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Fire safety tips

In a typical home fire, smoke, heat and toxic gases build up rapidly. When the smoke detector sounds, get out of the building immediately before your escape route is blocked. To survive a fire: install and maintain smoke detectors and practice an escape plan.

Here are some safety tips:

Smoke detectors

  • Install smoke detectors on every level and outside each sleeping area.
  • Test them monthly.
  • Replace them every ten years or as needed.
  • Never disable your detector.

Cooking safety

  • Put a lid on a grease fire to smother it then turn off the heat. Baking soda will also work.
  • Wear tight-fitting sleeves when cooking. Loose sleeves easily catch fire.
  • Never throw water on a grease fire. Water will only spread the fire around.
  • Never move a burning pan. You can too easily ignite your clothes or spill the fire onto someone or something else.
  • Stand by your pan! Never leave cooking unattended.

Match and lighter safety

  • Purchase child-resistant lighters.
  • Keep all matches and lighters out of reach and sight of children. A high, locked cabinet is recommended.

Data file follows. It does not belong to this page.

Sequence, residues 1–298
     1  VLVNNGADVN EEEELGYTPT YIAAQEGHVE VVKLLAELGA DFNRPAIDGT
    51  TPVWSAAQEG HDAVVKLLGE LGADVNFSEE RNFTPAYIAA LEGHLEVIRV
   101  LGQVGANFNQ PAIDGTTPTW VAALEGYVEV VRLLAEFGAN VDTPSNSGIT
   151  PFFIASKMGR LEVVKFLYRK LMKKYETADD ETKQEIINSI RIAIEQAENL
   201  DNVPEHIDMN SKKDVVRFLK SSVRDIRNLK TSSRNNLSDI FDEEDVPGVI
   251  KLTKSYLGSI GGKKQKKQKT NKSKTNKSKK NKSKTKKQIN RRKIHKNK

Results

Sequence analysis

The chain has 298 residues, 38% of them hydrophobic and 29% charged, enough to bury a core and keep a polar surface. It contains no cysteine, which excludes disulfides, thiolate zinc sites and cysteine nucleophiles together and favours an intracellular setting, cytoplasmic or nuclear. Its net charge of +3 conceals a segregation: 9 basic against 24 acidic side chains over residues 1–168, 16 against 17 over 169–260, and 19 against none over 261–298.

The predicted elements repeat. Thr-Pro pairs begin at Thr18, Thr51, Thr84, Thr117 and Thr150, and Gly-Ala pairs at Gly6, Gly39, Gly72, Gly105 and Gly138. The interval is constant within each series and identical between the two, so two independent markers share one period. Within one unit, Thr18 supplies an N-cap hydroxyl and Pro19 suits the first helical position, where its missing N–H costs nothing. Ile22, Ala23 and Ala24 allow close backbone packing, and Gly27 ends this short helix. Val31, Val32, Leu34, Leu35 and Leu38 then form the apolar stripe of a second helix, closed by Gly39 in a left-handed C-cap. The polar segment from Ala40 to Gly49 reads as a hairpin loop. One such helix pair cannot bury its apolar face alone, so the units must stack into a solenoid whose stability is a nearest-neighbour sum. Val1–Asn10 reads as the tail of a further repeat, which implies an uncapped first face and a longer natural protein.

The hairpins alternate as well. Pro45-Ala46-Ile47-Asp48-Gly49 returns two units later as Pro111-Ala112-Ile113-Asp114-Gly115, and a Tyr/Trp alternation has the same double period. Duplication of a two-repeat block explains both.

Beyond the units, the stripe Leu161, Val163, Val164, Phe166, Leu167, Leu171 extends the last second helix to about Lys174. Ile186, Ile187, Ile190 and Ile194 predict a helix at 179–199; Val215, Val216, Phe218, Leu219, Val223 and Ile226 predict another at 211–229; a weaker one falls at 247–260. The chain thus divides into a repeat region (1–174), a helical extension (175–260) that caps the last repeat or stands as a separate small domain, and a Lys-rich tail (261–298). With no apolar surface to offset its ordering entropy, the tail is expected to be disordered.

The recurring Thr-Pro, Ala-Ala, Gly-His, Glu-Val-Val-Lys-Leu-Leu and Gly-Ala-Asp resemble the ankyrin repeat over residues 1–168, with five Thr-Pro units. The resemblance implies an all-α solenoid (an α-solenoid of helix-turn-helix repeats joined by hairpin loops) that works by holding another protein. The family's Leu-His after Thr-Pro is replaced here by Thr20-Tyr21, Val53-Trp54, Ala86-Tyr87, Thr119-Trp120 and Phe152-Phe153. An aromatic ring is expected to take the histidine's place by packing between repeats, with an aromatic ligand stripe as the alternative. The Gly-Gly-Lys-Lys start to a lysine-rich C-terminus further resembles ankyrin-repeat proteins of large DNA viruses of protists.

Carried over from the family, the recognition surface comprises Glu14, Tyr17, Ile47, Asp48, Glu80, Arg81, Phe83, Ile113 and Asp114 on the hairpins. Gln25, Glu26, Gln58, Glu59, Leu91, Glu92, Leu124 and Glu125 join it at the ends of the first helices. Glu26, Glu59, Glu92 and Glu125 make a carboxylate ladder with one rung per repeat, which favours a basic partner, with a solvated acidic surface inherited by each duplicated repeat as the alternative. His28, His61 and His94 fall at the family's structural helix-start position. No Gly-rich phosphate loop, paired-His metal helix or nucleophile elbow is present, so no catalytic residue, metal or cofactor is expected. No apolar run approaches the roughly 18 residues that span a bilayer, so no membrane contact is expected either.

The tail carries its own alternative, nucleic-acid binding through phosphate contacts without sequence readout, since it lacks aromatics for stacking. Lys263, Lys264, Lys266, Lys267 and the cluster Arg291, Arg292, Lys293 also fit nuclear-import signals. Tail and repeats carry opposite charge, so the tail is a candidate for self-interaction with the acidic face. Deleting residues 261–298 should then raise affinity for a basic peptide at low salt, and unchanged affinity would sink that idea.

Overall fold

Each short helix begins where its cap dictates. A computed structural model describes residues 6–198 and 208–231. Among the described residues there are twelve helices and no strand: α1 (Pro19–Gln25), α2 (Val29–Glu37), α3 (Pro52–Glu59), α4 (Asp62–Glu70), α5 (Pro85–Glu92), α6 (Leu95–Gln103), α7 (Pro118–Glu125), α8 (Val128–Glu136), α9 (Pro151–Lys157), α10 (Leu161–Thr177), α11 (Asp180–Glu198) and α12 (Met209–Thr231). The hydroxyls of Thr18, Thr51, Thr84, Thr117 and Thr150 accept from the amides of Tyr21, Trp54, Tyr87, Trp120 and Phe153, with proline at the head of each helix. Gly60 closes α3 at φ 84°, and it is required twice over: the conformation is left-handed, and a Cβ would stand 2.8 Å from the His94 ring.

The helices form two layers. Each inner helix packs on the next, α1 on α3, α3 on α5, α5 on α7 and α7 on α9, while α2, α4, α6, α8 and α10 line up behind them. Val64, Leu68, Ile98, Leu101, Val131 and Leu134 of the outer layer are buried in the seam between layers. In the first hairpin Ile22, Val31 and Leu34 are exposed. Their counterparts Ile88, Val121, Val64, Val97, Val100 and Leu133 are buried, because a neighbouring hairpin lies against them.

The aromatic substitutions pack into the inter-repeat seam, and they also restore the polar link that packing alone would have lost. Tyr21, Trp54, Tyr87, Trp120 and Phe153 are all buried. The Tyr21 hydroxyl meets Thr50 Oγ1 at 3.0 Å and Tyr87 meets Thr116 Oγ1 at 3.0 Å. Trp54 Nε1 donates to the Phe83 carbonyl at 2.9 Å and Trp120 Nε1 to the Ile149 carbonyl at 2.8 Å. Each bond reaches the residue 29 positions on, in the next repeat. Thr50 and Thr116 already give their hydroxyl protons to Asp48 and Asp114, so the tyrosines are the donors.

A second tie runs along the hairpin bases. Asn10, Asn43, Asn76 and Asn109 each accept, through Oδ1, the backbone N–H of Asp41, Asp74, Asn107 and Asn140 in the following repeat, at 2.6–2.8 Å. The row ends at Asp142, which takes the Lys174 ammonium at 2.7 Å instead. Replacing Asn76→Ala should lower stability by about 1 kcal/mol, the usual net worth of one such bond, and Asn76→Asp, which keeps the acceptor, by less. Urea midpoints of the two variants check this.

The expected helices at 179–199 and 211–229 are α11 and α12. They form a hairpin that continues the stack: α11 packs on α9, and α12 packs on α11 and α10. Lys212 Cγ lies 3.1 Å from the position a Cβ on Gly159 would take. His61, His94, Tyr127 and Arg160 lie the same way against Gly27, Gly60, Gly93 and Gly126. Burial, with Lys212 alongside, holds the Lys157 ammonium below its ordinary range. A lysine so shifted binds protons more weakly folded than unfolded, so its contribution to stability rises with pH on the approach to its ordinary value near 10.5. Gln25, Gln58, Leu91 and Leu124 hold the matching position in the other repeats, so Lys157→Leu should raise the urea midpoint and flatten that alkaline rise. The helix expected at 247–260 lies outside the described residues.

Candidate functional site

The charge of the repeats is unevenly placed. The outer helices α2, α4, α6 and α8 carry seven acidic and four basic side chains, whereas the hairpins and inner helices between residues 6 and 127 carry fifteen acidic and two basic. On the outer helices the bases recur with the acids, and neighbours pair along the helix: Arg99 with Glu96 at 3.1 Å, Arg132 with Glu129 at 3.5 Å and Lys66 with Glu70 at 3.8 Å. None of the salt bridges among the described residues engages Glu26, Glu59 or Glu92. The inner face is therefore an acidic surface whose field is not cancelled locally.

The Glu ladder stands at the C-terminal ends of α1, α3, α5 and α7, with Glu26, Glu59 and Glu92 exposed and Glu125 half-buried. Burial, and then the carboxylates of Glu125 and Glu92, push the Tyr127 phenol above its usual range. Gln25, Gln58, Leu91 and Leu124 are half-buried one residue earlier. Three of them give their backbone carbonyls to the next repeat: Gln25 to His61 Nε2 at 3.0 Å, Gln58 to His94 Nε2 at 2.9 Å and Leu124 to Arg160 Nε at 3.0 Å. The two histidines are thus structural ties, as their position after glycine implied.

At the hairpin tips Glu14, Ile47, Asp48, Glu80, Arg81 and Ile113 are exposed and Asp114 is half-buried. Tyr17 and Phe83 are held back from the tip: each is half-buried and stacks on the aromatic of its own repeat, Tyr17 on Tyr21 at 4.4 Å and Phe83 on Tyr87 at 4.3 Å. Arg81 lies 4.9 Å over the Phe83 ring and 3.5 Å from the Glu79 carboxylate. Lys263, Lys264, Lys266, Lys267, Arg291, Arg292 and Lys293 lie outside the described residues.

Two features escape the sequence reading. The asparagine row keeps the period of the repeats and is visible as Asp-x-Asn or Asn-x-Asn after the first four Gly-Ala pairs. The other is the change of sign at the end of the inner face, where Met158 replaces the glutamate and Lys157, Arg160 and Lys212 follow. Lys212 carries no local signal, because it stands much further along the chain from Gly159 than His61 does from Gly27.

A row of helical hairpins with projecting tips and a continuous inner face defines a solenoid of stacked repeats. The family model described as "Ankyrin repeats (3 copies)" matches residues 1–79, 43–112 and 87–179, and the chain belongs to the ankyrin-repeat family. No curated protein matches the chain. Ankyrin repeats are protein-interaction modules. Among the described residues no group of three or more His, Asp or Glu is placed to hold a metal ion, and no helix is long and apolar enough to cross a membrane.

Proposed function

• Teach children that matches and lighters are not toys, they are tools for grownups.
  • Teach young children to tell a grown-up when they see matches or lighters Iaying around.
  • Never give a lighter to a child as a toy.

Candle safety

  • Put candle holders on a sturdy, uncluttered surface.
  • Light candles carefully. Keep your hair and any loose clothing away from the flame.
  • Don't burn a candle all the way down — put it out before it gets too close to the holder or container.
  • Never use a candle if oxygen is used in the home.
  • During a power outage, have flashlights and battery-powered lighting ready to use. Never use candles.

Home escape plan

  • Practice your home escape plan with the whole family twice a year.
  • Plan 2 ways out of each room. The easy way out is probably the door, and the second way out might be a window.
  • If you plan for a child or a senior to exit a window, make sure they can open it easily.
  • If you can't get out, close your door and go to the window and signal for help.
  • Teach children never to hide under beds or in closets.
  • If you must go through smoke, crawl low. The coolest, cleanest air will be about 18 inches off the ground.
  • Have a meeting place outside where everyone will meet.
  • Be able to tell the fire department if everyone is out safely.
  • Get out, stay out; don't go back into a burning building for anything.
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